Small Business Borrowing Fell In January; Points to Economic Weakness

Small Business Borrowing Fell In January; Points to Economic Weakness
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Small Businesses might be witnessing challenges in securing finances post-recession, but they have gradually become the leaders of the U.S. economy. Recent data suggests that the small businesses played a key role in adding as much as 64% of the net new jobs since the last recession.

SFBI denotes fastest pace

More data from the Store Front Business Index TM (SFBI) revealed that small businesses are growing at a pace higher than the U.S. GDP (Gross Domestic Product). The SFBI evaluates nearly 3.4 million business establishments in the U.S. regarding real wages, new establishments and employment. The SFBI Index grew 3.1% in real terms to 112.9 in the second quarter of 2015 from 109.5 points in the second quarter of 2014. These numbers are significant given the fact that the real GDP growth in the U.S. is at 2.7%. The SFBI is expected to grow to 114.5 points in the fourth quarter of 2015.

Borrowing dipped in January

However, the future hints at some headwinds for the small businesses as the borrowing by this segment hit a one-year low and went down by 13% in January. Reuters reported that PayNet Small Business Lending Index reading came in at 118.2 in January, which is the lowest since November 2014.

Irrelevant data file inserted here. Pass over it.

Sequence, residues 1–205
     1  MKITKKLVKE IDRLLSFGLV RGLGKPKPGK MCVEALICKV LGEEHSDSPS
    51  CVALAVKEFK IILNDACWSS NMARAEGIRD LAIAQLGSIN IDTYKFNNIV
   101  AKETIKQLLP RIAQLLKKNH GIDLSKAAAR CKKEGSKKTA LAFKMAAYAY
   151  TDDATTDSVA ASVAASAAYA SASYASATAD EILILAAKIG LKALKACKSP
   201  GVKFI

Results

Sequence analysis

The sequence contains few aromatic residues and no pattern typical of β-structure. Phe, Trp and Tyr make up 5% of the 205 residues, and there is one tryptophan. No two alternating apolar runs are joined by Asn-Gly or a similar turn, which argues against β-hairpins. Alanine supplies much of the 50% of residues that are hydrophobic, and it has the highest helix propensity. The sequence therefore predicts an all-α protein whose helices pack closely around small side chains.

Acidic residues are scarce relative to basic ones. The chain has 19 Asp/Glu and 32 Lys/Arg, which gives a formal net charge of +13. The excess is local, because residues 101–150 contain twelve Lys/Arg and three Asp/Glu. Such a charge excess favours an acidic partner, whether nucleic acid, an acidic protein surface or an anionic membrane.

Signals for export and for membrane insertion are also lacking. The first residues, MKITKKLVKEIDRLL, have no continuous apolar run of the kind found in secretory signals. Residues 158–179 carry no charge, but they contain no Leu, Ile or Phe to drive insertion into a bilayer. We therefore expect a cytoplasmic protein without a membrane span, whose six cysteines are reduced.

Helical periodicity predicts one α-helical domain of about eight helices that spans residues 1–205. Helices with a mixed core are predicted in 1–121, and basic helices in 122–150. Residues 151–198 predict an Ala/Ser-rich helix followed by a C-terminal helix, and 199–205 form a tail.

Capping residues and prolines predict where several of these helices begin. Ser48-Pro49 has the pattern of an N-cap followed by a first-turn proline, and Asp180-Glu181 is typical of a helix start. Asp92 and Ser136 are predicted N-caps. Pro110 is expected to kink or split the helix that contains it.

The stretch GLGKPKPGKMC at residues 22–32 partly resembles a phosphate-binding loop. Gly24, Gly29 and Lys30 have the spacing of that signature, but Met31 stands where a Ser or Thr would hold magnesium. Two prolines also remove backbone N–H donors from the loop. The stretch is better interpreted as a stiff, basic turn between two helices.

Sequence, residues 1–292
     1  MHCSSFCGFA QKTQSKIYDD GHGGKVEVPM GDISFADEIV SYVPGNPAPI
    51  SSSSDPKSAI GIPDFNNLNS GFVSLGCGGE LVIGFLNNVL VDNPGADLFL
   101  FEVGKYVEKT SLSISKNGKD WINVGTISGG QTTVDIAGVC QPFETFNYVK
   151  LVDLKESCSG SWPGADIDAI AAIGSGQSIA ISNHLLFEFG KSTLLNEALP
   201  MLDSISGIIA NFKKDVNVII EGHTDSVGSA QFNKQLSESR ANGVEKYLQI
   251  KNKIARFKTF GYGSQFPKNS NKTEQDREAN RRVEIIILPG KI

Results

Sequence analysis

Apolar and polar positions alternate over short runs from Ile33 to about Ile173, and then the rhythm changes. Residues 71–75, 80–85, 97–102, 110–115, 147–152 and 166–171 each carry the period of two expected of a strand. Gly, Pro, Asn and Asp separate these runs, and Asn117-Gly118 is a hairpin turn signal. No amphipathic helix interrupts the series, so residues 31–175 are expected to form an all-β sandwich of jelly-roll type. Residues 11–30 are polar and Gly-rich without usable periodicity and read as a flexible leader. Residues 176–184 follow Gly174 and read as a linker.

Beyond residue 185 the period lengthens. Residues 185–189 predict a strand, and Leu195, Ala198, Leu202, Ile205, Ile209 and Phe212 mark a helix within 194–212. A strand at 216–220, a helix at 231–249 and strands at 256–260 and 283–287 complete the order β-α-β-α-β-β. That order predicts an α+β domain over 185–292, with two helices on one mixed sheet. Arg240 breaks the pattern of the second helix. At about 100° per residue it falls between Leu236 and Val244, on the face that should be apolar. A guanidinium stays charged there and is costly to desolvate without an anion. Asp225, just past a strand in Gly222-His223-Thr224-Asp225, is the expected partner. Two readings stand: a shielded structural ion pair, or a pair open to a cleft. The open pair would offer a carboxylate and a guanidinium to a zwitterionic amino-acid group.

Bill Phelan, President of PayNet, expressed concerns on the numbers stating that it is a dramatic fall in the small business lending. He added that the borrowing level was not even sufficient to replace dilapidated machines while the purchase of new equipment was out of the question.

The fall in the index suggests that the economic growth could falter over the ensuing months. Lending to small businesses is regarded as a key barometer of growth given their immense contribution to the economy.

Apart from this, Phelan highlighted that there is erosion to some extent as far as the delinquency rate on loans of over 30 days past is concerned. The delinquency rate stood at 1.48% in January, marking the highest level since June.